"I think the greatest stories of empowerment about a religion can be told through their most vulnerable minorities," Sharma said. "And I realize that deeply with gay and lesbian Muslims. ... These are people who are deeply religious and who, in spite of all the condemnations and sometimes interference by the state and by governments, have held on to their faith. And they talk about Islam in such a profound and beautiful way."

Their stories gave Sharma, who came out as a gay man when he was 19 and living in his native India, more strength in his own Muslim identity, he said. (Houston Chronicle article)

I applaud these people for their strength in telling their story under such threat. But I can't help but wonder how they can still embrace a religion that despises them?

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Thank God For Science

Read Ray Comfort's latest blog entry in which he begins...

"Light is invisible. We can't see it..."

Thank you to The Atheist Blogger for the link.

While reading Ray Comfort's words of wisdoms I came across an entry titled: The Atheist Worldview

"There've been several hundred gay marriages enacted in California in the past few days. Maybe a couple of thousand by now, I haven't checked the numbers. And in the non-gay-marrying Midwest, they're fighting floods, while in California it's fair and dry. How is The Golden State managing to escape the wrath of your imaginary friend, I wonder?" Weemaryanne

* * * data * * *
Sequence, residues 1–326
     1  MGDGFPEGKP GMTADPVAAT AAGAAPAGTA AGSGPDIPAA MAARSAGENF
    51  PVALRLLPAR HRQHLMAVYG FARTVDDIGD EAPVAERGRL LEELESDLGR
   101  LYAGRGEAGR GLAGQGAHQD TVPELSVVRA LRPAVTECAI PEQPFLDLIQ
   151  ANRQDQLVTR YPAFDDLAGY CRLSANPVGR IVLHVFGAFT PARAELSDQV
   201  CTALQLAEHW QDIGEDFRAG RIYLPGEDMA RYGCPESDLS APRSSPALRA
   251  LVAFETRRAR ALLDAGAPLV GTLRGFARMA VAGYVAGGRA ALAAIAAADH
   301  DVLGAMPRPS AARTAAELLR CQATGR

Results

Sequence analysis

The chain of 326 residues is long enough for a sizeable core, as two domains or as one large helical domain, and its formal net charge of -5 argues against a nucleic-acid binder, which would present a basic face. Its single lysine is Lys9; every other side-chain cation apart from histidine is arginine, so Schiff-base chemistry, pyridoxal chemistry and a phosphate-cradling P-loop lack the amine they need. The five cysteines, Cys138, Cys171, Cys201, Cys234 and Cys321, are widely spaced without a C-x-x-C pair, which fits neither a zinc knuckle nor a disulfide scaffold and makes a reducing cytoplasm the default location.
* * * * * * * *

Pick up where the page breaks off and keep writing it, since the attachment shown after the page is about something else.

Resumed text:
Maryanne. At present there are 840 wild-fires that are burning at once in California, destroying many homes. The fires were started by lightning strikes. Guess who’s in charge of the electrical department? These are from thunder storms that have no rain. Guess who gives the rain? You said "while in California it's fair and dry." We are having the worst drought in our recorded history. Last year 1,155 homes were destroyed. You live in an imaginary world. I suggest you get out more.

So apparently Ray Comfort is claiming that the California wildfires and drought are caused by the gays. And I find it especially hilarious that he tells the commentor that they "live in an imaginary world". Words escape me...

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Williams Sisters Can't Vote Because of Religion

Serena Williams would vote for Barack Obama if she could. Don't even ask Venus Williams what her political leanings are.

The Williams sisters, vocal on so many issues from fashion to gender equality and equal pay for women, say they're not allowed to vote because of their religion. The sisters, who have 14 Grand Slam singles titles between them and are among the most recognizable athletes in sports, are Jehovah's Witnesses.

After their first-round wins at Wimbledon, both were asked about the Nov. 4 presidential election.

"I feel that what I do in tennis isn't really political," Venus said after her 7-6 (5), 6-1 win over British wild card entry Naomi Cavaday on Tuesday. The work she does for UNESCO and other agencies was about helping people, she said, "I don't see it as political. I don't vote."